The Supreme Court held that in the absence of proper identification parade being conducted, the identification for the first time in the court cannot be said to be free from doubt.

The Court held thus in an appeal against the judgment of the Kerala High Court by which an appeal of the accused was dismissed and his conviction was confirmed for the offence punishable under Section 397 read with Section 395 of the Indian Penal Code (IPC).

The two-Judge Bench of Justice B.R. Gavai and Justice Sandeep Mehta observed, “In the absence of proper identification parade being conducted, the identification for the first time in the Court cannot be said to be free from doubt. We find that the other circumstance that the Courts relied for resting the order of conviction is with regard to the recovery of an iron rod. An iron rod is an article which could be found anywhere. It is not the case of the prosecution that any stolen article was recovered from the appellant herein.”

Advocate T.N. Singh appeared for the appellant/convict while Advocate Harshad V. Hameed appeared for the respondent/State.

In this case, the appellant was convicted under Section 397 read with Section 395 of the IPC and was sentenced to undergo rigorous imprisonment for seven years with a fine of Rs. 10,000. The case of the prosecution was that in 2004, the accused persons came in a vehicle driven to the building where retail shops of Kerala State Beverages Corporation were situated. Their intention was to commit dacoity and hence, they were armed with deadly weapons like iron lever and wooden bar. The appellant kicked on the naval portion of the security guard at the gate and beat him with an iron lever on the right leg which resulted in fracture.

Other accused persons beat him with the wooden bar on various parts of his body and then tied his legs and hands with bath towels and made him lie on the cot. Thereafter, they fastened his body on the cot with a piece of bedsheet and the remaining piece was pushed into his mouth. They mishandled him and then committed robbery of mobile phone, wrist watch, and torch. They also destroyed the light in the building and lock of the shutters of the retail shop. Hence, a case was registered against the accused.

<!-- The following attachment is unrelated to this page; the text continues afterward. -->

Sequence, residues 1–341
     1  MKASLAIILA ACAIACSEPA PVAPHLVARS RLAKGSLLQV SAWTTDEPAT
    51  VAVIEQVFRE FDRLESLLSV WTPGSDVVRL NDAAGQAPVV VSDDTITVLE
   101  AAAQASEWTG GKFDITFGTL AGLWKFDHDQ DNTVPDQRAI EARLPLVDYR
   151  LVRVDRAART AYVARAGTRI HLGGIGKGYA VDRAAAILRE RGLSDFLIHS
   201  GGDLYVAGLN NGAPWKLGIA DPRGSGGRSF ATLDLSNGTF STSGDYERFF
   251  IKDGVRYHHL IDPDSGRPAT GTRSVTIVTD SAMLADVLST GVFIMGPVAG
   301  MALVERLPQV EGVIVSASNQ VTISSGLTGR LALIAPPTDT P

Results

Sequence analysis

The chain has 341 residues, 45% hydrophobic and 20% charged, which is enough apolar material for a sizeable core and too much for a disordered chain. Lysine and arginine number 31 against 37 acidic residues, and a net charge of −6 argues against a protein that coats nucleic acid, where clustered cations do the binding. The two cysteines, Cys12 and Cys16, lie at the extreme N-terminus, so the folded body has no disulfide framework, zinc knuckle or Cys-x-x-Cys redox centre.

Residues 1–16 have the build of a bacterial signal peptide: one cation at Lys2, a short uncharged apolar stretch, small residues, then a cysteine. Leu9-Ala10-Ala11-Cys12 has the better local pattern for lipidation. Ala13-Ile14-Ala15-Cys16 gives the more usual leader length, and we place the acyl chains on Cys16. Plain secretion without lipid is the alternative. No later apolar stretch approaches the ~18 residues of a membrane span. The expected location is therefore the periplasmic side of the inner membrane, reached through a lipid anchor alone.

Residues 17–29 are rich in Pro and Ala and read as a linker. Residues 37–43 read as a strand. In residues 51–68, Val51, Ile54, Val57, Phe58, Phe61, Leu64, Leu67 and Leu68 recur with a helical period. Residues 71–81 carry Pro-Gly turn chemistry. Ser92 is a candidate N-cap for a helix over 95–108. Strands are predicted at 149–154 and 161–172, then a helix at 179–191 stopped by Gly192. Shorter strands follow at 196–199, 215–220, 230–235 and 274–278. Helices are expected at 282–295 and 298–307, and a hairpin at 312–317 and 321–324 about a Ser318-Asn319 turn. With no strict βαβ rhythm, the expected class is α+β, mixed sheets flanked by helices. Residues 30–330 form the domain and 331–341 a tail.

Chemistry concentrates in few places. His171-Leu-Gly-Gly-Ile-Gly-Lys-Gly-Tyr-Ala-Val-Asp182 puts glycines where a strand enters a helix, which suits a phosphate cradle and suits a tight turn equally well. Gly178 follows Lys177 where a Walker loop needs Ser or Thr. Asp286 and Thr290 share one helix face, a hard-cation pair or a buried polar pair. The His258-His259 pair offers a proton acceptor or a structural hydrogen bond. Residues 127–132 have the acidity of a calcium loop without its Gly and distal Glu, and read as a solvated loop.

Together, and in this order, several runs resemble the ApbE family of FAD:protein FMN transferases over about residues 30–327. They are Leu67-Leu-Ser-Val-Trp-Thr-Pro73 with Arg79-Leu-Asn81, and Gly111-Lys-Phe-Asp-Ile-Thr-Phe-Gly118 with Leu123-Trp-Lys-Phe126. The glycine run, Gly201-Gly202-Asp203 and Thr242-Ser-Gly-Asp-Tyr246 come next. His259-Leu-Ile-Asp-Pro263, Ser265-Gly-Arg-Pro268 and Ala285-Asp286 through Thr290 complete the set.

The Supreme Court in view of the above facts noted, “Anil Kumar (PW-8), who is the Investigating Officer (IO), has also admitted that PW-1 identified the accused persons by seeing them at the police station. He has further admitted that no identification parade was conducted. As such, it can be seen that the identification of the appellant herein by PW-1 is quite doubtful as no identification parade has been conducted. PW-1 clearly states that he has identified the accused persons since the police had shown him those two people.”

The Court said that the judgment and order passed by the High Court dismissing the appeal and of the Trial Court convicting the appellant are not sustainable in law.

Accordingly, the Apex Court allowed the appeal, quashed the impugned judgment, and acquitted the appellant.

Cause Title- Jafar v. State of Kerala (Neutral Citation: 2024 INSC 207)


Appellant: AOR T. N. Singh, Advocates Vikas Kumar Singh, and Rajshree Singh.

Respondent: AOR Harshad V. Hameed, Advocates Dileep Poolakkot, Ashly Harshad, Shivam Sai, and Mansha Shukla.

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